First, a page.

Complete Description of the Battle of the Boyne and Lists of Attainted. After the Catholic forces of King James II surrendered to the mostly Protestant forces of William III at Limerick in 1691, several official documents were hurriedly put together and published on the orders of the victorious William III. This is a link to the appendix to the FIRST of these documents. These documents were written to justify the Protestants (and even some Catholics) rebelling against James II, and so also William's invasion of Ireland. The referenced 'Act of Attainder' was passed by the hand-selected extremist Catholic parliament of the Earl of Tyrconnel, who was appointed by the deposed King James II, and would have had most Protestants massacred. The list of attainted persons includes not only their counties of residence, but also the names of their estates and/or occupations as well names of those who were craftsmen in cities and towns.
Lyman Chalkley's 1911, 3 volumes, Chronicles of the Scotch-Irish; abstracts of original colonial and early state of Virginia records for Augusta County from roughly 1750 to 1850, and part of the records of daughter counties Rockbridge and Botetourt, and bits of Rockingham and Montgomery Counties. The volumes have indexes at the end of each volume, the last 20 or 30 pages of each total number of pages. You can select and enter page numbers in a page number box. You can use the search box to find surnames, full names, or use other key words. Bear in mind there were no universally accepted, and used, spelling rules in the 18th century and surnames often have several spellings. Each spelling should be searched for your ancestors. To quote the Virginia State Archives, "also keep in mind that these are abstracts of records, not the entire record and critical details of events are not in them." We’ve found that the records themselves sometimes have more names and more description of the parties also. This collection of county records abstracts are a beginning to understand who did what, when, why and how. To get maximum benefit from the records of more complicated matters and lawsuits, you really do need to get the entire record.
Annals of Augusta County, by Joseph Waddell, published 1902. Covers some of the same ground as Chalkley's Chronicles..., but is written more as a history and has additional material from the records themselves. Chalkley sometimes overly abbreviated his extracts and abstracts and Waddell sometimes spotted important items missed by Chalkley.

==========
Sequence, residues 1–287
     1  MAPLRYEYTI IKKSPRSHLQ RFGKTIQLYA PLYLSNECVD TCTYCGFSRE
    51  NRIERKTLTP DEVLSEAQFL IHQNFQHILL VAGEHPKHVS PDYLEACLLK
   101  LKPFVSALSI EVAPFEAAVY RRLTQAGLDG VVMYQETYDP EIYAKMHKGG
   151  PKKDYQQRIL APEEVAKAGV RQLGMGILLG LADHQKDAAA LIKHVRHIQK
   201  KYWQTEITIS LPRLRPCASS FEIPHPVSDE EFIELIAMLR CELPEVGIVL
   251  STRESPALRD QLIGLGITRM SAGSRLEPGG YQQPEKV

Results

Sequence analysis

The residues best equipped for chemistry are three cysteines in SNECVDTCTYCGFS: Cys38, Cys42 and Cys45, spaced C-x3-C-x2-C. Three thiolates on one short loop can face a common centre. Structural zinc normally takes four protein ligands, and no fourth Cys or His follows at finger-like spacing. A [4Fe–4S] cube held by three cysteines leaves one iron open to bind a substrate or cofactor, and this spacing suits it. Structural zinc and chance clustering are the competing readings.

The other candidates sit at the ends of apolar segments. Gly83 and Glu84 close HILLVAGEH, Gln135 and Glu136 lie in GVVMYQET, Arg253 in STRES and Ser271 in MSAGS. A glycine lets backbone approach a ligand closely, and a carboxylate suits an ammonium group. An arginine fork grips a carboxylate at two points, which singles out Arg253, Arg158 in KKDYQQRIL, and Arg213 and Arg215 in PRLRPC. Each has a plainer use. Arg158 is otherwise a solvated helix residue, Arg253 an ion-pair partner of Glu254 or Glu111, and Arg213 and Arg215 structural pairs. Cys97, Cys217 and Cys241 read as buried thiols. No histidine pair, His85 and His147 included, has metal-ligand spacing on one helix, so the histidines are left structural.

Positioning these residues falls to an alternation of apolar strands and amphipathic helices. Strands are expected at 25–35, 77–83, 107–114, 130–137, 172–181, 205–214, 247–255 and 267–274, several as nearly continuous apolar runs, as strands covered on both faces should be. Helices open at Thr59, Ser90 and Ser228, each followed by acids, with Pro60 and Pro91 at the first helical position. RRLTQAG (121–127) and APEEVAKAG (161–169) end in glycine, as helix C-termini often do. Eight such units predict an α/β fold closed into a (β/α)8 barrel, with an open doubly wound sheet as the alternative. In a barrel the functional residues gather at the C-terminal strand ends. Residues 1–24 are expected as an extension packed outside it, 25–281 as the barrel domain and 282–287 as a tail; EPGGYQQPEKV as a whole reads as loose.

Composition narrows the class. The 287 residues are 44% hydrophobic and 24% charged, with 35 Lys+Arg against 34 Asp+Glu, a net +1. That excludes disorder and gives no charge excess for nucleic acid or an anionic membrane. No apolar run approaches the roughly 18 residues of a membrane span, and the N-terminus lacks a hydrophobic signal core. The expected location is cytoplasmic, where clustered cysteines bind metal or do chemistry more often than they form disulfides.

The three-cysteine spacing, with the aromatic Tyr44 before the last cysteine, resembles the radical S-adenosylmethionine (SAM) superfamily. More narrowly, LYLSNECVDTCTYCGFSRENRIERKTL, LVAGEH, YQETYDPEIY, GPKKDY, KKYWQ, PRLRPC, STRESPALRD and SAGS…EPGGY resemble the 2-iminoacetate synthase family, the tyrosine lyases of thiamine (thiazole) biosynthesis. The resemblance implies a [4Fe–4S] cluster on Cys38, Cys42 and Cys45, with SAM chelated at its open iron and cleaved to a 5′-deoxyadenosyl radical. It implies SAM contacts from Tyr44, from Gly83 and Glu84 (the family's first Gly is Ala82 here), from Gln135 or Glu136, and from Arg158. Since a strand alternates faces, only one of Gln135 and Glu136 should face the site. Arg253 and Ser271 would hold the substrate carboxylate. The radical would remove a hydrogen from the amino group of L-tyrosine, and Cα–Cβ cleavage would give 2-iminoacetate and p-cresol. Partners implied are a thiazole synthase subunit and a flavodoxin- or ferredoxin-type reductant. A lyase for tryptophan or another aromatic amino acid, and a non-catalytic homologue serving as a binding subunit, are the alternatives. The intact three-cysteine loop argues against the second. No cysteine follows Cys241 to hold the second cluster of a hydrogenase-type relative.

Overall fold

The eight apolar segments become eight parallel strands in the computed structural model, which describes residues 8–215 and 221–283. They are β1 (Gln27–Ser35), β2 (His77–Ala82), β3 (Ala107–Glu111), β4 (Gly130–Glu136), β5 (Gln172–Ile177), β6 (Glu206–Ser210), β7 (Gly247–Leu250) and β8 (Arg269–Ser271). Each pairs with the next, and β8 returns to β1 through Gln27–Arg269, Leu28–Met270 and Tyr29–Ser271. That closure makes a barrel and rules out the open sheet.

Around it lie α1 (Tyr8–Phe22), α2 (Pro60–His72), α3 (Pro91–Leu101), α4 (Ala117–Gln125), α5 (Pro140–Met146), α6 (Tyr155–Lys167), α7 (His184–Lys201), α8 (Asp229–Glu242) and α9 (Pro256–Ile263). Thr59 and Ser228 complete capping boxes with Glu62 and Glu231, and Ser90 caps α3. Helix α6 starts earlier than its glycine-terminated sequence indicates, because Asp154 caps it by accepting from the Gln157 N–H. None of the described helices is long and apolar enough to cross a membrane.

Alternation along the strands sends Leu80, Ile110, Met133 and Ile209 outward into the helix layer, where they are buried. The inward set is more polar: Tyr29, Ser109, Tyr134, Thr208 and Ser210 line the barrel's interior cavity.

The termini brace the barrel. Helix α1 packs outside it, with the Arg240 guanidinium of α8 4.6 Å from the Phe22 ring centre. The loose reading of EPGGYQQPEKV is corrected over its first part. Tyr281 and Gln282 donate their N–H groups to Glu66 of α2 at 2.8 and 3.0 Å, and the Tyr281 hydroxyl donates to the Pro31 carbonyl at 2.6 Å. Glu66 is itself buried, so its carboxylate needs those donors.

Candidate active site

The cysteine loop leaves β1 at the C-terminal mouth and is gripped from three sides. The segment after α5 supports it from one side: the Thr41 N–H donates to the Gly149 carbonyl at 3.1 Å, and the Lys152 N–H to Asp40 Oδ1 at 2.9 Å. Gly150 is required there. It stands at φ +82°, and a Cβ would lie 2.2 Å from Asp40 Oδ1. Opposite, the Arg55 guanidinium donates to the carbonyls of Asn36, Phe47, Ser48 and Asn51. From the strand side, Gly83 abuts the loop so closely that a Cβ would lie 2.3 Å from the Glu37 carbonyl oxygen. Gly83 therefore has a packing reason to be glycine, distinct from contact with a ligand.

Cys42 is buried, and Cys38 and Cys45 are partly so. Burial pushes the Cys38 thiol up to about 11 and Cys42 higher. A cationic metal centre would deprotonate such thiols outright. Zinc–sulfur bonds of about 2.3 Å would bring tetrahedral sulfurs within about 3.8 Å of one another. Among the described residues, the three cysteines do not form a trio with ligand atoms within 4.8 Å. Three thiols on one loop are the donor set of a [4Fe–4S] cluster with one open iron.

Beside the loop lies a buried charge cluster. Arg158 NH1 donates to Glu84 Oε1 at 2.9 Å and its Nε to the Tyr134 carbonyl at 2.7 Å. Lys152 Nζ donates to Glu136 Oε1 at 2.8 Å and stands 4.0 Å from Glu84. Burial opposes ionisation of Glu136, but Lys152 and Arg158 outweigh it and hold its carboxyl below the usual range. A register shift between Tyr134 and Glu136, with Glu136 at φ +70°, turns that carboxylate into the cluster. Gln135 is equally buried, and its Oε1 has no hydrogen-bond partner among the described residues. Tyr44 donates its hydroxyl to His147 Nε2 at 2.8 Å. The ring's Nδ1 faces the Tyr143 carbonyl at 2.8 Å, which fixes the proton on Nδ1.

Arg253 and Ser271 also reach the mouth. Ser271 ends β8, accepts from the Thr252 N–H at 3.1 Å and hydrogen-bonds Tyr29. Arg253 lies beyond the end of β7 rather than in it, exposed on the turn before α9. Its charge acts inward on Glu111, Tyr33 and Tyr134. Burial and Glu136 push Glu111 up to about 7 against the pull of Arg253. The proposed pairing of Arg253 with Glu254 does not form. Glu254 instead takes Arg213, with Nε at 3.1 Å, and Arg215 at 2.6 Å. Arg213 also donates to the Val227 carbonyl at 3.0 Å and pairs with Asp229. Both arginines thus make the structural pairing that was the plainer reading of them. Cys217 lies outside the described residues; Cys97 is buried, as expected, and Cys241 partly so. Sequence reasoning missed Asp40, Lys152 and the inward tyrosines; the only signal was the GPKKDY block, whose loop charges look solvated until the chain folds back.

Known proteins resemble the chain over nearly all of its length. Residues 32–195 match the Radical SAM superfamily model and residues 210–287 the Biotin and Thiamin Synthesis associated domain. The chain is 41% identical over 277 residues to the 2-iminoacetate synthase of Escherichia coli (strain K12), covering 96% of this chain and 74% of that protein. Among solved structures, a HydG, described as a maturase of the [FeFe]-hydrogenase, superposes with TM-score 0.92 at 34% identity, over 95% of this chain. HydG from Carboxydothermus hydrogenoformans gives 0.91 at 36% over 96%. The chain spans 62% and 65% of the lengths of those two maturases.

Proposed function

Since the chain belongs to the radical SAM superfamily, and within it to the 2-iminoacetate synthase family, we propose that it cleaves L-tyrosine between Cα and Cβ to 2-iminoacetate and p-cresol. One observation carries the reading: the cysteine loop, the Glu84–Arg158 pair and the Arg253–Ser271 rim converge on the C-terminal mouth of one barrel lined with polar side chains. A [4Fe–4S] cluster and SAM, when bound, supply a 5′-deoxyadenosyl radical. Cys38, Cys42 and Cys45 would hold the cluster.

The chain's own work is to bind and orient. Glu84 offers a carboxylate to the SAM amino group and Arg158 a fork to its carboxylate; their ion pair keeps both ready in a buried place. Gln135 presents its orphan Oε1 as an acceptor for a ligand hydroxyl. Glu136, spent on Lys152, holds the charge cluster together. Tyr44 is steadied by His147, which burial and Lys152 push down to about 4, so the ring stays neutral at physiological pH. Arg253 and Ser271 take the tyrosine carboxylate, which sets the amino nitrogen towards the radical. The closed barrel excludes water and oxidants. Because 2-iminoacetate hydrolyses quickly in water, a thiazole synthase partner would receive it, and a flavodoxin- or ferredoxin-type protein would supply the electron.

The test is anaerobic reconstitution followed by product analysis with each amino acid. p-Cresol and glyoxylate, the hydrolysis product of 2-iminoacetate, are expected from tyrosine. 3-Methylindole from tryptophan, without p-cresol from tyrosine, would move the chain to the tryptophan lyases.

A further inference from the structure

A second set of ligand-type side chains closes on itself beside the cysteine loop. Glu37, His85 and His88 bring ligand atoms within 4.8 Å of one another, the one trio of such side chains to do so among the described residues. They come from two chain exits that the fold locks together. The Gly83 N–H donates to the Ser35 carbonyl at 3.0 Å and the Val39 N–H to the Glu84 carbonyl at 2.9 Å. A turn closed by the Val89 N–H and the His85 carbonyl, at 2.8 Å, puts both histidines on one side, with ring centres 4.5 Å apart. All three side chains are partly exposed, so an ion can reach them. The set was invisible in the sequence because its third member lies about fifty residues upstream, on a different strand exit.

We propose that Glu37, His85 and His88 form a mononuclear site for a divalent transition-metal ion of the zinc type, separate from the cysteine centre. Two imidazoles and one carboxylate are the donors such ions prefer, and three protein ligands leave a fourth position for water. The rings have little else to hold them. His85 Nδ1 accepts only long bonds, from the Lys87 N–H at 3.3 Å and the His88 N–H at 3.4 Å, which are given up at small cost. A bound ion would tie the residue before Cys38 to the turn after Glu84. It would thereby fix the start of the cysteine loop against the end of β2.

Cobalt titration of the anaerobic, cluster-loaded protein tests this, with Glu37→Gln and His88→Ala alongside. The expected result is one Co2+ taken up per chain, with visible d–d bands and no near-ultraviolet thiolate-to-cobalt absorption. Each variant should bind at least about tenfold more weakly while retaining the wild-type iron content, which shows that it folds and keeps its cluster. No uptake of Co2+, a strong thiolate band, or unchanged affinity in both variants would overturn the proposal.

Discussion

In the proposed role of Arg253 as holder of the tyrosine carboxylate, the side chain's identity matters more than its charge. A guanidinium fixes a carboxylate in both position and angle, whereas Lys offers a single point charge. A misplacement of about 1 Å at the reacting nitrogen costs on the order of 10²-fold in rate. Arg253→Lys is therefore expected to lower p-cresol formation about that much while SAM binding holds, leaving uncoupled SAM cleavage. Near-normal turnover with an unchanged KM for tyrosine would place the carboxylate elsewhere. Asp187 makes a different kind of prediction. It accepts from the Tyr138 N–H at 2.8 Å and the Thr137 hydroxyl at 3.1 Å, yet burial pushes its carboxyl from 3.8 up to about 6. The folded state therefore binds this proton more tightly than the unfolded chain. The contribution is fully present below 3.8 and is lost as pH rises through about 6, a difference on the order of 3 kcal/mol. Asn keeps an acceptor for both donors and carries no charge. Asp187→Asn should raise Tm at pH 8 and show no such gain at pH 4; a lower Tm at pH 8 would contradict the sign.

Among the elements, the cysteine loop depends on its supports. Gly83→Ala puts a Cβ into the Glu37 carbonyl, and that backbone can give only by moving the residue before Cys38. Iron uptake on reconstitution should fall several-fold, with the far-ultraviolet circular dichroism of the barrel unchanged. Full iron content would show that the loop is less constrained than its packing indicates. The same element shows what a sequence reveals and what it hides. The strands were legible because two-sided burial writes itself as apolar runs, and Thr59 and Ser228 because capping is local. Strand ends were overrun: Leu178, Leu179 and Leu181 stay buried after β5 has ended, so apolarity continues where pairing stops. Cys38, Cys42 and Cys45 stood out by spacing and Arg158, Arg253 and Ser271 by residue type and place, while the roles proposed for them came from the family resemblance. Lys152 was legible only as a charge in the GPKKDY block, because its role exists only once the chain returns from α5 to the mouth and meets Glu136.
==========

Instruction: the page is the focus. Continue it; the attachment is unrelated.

History of Albemarle County, by Rev. Edgar Woods, 1901. Relied on family records, cemetery records, etc., more than county records as the county's records had, in the words of a visitor even a century later, "no system of filing (or labeling)" making it very had to find much in the cabinets where files had been put haphazardly, when they were no longer in current use. It does cover bits and pieces of several families and important events, including the Woods families.
Rev. Neander Woods' 1905, Woods-McAfee Memorial; a personal family history from mostly family records and some county records from Goochland and to a much lesser extent, Albemarle County, of Virginia, given the condition of the county records at the time "no discernible filing system whatsoever"-written by a frustrated researcher about 70 year later. This is a flawed but useful family history. There was a certain amount of wrong-guessing about Irish ancestry of the Woods family (Worsop is NOT in this family's actual history) and Rev. Neander Woods and his cousin, Rev. Edgar Woods were not trained historians and did not research Augusta and its daughter counties and mistakenly thought that all the Woods in Augusta and Albemarle Counties were children of one emigrant couple, not two, who were brothers and sisters to one another and thus had very similar names for two sets of children.
William Harris Miller's 1907 flawed family history of Woods, Miller, Kavenaugh, Wallace, etc. families, incorporating some of Rev. Edgar Woods' genealogical research and a mixture of family records, county records with some counties not searched at all, again, etc..
History of Ayshire, by James Paterson in two volumes; first volume published in 1847; volume 2 published in 1852 (separate listing below the first). Cited NUMEROUS primary source records, especially for the families.
Records of the Sheriffs of Inveraray, first volume, published 1901; covers most of a period between 1670-1740 but is not a complete archives. The compiler/editor said many more records remained that needed to be published. The families in the records include many Campbell lines, but also any non-Campbells who lived in Argyllshire and Bute.